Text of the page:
I am not a fan of the demanding, sometimes...oft times...rude, pushy, mike-wielding reporters and paparazzi-style cameramen jostling for a story...and hoping, by their actions, they will get one.

    Well, Cranky Frankie gave them what they wanted, and what they deserved!

    Streaming on Netflix at the moment is a brilliant bio-documentary on Frank Sinatra...it is worth watching.

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    1. Lee, the media and upcoming stars feed off each other like leaches. Then when at the top of their game, stars don't want the press anymore.

      My inaccurate post has kicked off an interesting discussion anyway.

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  4. Sure, Sinatra was pushy, rude, ego driven, had dodgy connections to the mafia and was not the most intelligent or well read scholar to emerge from New Jersey. But his classic swing and ballad recordings at Capitol Records will go down in history as some of the most iconic songs of the 20th century.

    I do have a video and CD recording of that Madison Square Garden 74 recording and I always wondered why he said on stage that night "Or as they say in Australia, ol' big mouth is back.'
    I feel I know more now. The odd thing though about the night they recorded that 1974 performance called 'The Main Event' was that Sinatra's voice was right off. Maybe he had a bad throat on the one night the cameras chose to film it all.
    Yet the CD version sounded okay....perhaps recorded on a different night.
    But yes, Francis Albert will always be the King of Swing.

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    1. Dee, you do indeed know now. I liked many of songs but back then I was so interested in old crooners. Thanks for your memories.

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  5. Fascinating. Frankie's problem was he never knew when to quit and those who paid dearly for his concerts resented his poor attitude and diminished voice in his latter years. I never liked his later self but his earlier recordings enchant me, before he battered and abused himself (and others).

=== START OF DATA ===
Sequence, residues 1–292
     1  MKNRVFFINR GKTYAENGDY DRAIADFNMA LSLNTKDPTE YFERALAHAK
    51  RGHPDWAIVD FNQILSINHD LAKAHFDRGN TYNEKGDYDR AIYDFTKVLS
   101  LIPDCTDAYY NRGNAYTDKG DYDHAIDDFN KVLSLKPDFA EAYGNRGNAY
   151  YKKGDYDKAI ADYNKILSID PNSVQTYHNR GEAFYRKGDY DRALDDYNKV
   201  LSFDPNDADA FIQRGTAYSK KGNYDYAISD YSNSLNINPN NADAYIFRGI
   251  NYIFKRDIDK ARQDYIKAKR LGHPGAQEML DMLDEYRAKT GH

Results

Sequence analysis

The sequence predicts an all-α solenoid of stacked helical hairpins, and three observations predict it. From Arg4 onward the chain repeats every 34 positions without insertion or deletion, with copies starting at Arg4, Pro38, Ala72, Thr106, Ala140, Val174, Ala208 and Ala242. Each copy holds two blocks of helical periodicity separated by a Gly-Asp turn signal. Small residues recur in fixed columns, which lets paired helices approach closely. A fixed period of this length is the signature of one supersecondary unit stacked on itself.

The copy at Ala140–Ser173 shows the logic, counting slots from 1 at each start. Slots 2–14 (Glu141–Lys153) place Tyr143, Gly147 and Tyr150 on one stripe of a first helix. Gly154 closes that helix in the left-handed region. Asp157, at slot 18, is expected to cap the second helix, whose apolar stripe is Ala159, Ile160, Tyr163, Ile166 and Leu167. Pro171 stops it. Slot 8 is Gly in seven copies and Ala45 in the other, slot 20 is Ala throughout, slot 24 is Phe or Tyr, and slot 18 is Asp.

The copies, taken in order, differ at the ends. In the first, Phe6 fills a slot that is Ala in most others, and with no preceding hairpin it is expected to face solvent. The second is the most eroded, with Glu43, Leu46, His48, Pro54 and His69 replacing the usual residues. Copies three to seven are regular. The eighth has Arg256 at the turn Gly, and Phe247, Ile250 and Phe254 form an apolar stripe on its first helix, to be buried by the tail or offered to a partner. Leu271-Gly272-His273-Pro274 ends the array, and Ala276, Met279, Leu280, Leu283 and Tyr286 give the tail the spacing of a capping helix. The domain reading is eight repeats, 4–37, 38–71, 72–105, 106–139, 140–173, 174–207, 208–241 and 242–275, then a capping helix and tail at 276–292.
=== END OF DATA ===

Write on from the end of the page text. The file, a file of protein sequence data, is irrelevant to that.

XO
    WWW

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    1. WWW, yes, much as I thought. Not a very nice person.

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  6. Sorry Andrew part of your first sentence is incorrect. Frank Sinatra toured Australia in the 1980s (with Sammy Davis Jn & Lisa Minelli) and also 1990s (with Steve Martin & Eyde Gorme). The Golfer and I couldn’t afford Melbourne 1989 but definitely were at the Tennis Centre in 1991.

    Frankie was ......well he just was. I was young when I first heard him and unlike a lot of my peers I liked all sorts of music, stuff they didn’t. Big band, ‘crooners’ trad and modern jazz. Other commenters have spoken in more depth than I can - he had good times and like many performers he had bad times. Like I said Frankie was......and we forgave him.

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    1. That should be....second sentence

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    2. It was Steve Lawrence and Eydie Gorme, Cathy. Wow! It's ages since I've thought of them, or heard their songs Thanks for reminding me. :)

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    3. But Cathy, I read it on the internet. It must be true. Nice memories for you.

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  7. His 'phrasing' was possibly the best ever, and he made it all sound so simple. However, his mother should have told him to never say anything he'd live to regret.

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    1. Cro, they would have been wise words by his mother.